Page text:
Tony the monkey is playing in the forest when he stumbles upon a bizarre grid with ~N~ rows and ~M~ columns. The grid contains cells, each consisting of either puddles or land. Intrigued by his discovery, Tony decides to cross it. He can start on any cell consisting of land in row ~1~ and wants to reach row ~N~. However, Tony is deathly afraid of water and needs a way to cross the puddles!
Instead of jumping over the puddles or wearing boots, Tony decides to build a canoe! Before entering the grid, Tony can build a single canoe of length ~L~ and width ~1~ — he can use this canoe to cross any subgrid of puddles that can fit the entire length of the canoe. If Tony is on a land cell, he can lay down his canoe in the direction of an adjacent puddle cell, as long as the puddle can accommodate the length of the canoe. Once in the water, he can move either forward or backward in the direction he placed the canoe but cannot turn (Tony doesn't know how to steer). Once the tip of his canoe eventually hits land, Tony can get off his canoe on the cell of land he hits.
For example, if Tony is in cell ~(r, c)~ and an adjacent puddle cell is cell ~(r, c-1)~, he is able to set his canoe on cell ~(r, c-1)~ pointing towards decreasing ~c~ and freely move the canoe parallel to the ~r~ axis, as long as the canoe is not occupying a land cell.
While on land, Tony can move to any adjacent land cell. Since Tony can carry the canoe above his head and over any nearby water or vegetation, the size of his canoe is not limited by his surroundings while on land.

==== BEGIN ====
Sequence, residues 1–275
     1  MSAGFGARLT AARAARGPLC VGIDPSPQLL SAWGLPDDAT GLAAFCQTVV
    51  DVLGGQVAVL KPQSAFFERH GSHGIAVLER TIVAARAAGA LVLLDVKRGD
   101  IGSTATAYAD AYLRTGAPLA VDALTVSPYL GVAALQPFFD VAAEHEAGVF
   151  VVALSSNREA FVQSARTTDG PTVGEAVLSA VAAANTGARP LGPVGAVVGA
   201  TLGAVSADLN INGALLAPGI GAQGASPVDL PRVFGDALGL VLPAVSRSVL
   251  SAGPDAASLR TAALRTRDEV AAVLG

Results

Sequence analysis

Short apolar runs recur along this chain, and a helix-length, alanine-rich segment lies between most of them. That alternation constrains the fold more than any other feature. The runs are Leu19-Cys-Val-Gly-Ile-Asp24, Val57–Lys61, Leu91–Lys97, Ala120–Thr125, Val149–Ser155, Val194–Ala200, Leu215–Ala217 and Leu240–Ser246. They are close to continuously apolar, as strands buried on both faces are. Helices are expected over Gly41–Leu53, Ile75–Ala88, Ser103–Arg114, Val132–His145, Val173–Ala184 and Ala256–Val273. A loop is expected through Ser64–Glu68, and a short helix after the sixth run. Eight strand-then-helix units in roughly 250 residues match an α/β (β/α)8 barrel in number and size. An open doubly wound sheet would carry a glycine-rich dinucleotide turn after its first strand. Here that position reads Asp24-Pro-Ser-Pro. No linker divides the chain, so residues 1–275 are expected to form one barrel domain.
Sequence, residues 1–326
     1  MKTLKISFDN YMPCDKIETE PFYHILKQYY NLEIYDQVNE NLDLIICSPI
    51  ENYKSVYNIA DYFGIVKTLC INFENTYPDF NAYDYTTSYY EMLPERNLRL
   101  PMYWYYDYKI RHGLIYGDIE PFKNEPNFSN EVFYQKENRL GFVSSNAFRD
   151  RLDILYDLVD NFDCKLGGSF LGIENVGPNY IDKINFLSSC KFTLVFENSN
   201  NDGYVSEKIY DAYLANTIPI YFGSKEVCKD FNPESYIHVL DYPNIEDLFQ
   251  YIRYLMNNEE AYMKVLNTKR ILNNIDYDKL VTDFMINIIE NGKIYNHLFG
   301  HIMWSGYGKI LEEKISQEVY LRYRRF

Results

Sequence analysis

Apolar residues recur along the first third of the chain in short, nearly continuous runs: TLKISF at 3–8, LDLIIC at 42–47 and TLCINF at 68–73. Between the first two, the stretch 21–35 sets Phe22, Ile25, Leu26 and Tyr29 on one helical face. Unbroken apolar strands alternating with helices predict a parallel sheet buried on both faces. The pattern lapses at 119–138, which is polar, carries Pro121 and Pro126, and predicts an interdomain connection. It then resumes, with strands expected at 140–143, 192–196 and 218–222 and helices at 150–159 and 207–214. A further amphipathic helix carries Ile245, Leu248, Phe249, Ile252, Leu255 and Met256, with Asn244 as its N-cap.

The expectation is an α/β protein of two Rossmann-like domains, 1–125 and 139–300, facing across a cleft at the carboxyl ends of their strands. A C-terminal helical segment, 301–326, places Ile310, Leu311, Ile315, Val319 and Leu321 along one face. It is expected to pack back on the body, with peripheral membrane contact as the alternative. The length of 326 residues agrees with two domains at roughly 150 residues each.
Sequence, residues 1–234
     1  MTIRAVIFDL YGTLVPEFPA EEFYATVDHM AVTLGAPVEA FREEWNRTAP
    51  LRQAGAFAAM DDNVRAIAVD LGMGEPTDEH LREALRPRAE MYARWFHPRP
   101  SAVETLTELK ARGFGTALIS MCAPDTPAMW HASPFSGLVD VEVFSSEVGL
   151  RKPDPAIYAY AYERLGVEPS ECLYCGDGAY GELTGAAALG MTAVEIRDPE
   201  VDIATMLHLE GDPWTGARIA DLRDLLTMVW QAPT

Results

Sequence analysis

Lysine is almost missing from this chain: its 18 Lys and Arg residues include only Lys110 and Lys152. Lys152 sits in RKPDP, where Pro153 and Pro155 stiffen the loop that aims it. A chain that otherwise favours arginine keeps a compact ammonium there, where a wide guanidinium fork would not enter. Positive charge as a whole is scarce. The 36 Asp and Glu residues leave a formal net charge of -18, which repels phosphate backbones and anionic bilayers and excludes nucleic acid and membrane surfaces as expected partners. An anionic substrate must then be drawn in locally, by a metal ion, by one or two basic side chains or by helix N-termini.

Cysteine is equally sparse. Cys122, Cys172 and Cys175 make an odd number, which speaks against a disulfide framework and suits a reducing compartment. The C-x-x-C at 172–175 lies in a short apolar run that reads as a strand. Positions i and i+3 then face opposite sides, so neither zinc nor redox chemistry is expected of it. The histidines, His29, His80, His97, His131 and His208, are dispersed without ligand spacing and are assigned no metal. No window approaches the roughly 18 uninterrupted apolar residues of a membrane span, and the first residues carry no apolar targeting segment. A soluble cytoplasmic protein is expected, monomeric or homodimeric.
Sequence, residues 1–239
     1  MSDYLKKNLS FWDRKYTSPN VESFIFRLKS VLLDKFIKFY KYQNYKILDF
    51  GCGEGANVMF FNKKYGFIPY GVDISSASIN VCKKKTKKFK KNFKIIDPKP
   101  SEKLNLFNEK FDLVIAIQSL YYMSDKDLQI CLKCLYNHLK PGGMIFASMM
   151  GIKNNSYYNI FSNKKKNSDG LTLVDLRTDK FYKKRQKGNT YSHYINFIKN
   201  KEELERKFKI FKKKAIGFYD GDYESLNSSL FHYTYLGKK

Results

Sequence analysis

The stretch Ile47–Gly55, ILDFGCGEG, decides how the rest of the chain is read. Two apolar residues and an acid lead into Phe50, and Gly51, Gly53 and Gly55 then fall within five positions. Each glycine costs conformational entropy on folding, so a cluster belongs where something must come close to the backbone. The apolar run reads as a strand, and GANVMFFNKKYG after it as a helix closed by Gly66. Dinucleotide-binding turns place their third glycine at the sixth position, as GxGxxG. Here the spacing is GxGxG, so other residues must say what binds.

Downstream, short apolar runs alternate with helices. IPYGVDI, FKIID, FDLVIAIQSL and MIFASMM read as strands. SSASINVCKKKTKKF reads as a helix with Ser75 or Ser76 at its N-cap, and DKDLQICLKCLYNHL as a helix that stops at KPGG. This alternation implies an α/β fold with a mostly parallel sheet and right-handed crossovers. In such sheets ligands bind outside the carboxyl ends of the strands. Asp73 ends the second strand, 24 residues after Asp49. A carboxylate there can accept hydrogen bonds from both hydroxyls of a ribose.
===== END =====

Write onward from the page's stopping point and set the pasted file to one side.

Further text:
By using some sequence of walking and canoeing, Tony wants to eventually reach row ~N~. For each cell in row ~N~, you are to tell Tony the largest possible ~L~ such that he is able to reach that cell. If ~L~ can be arbitrarily large, tell him
0. If the cell is a puddle or unreachable, tell him
~2 \le N, M \le 2 \times 10^3~
Subtask 1 [5%]
~2 \le N, M \le 400~
Subtask 2 [95%]
No additional constraints.
The first line contains two space-separated integers ~N~ and ~M~.
The next ~N~ lines each contain ~M~ characters representing the grid, with
# representing land and
. representing a puddle.
Output ~M~ integers, each representing the largest ~L~ possible for each cell in row ~N~. If ~L~ can be infinitely large, output
0. If cell ~j~ of row ~N~ is a puddle or is unreachable, output
Sample Input 1
4 5 ##### ..... ##.## #.#.#
Sample Output 1
1 -1 2 -1 1
Explanation for Sample 1
The following diagrams show a possible path that Tony can take to get from some cell on row ~1~ to each of the land cells on row ~N~. Light blue cells represent puddle cells and brown cells represent land cells. A red arrow means a move with a canoe that has the same length as the arrow and a white arrow means a move on land.
In the following description, cell ~(1, 1)~ is the top-leftmost cell and cell ~(N, M)~ is the bottom-rightmost cell.
In the rightmost diagram, Tony wants to go to the rightmost cell on row ~N~ — cell ~(4, 5)~. He starts at cell ~(1, 3)~ and places a canoe of length ~1~ in the direction of the topmost red arrow which spans cell ~(2, 3)~. He then paddles forward to cell ~(3, 3)~ allowing him to exit the canoe at cell ~(4, 3)~.
Tony then places a canoe of length ~1~ in the direction of the bottommost red arrow which spans cell ~(4, 4)~, allowing him to exit the canoe at cell ~(4, 5)~ and reach his destination. The answer for this destination cell is therefore ~1~, and this can be proven to be the maximum ~L~ that reaches this destination.
Sample Input 2
2 4 ###. ...#
Sample Output 2
-1 -1 -1 -1
Explanation for Sample 2
Note that placing a canoe in the position and orientation of the red arrow is not allowed. Canoes can only be placed from a cell in row ~1~ in the direction of the blue arrows.
Sample Input 3
2 2 ## ##
Sample Output 3